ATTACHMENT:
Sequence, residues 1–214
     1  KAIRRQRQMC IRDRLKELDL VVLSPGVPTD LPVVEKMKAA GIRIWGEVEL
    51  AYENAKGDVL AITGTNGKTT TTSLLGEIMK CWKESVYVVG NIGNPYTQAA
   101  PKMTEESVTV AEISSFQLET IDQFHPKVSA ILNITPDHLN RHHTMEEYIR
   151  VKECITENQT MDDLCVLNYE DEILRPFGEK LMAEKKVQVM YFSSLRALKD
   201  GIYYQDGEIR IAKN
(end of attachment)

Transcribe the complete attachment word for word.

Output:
Sequence, residues 1–214
     1  KAIRRQRQMC IRDRLKELDL VVLSPGVPTD LPVVEKMKAA GIRIWGEVEL
    51  AYENAKGDVL AITGTNGKTT TTSLLGEIMK CWKESVYVVG NIGNPYTQAA
   101  PKMTEESVTV AEISSFQLET IDQFHPKVSA ILNITPDHLN RHHTMEEYIR
   151  VKECITENQT MDDLCVLNYE DEILRPFGEK LMAEKKVQVM YFSSLRALKD
   201  GIYYQDGEIR IAKN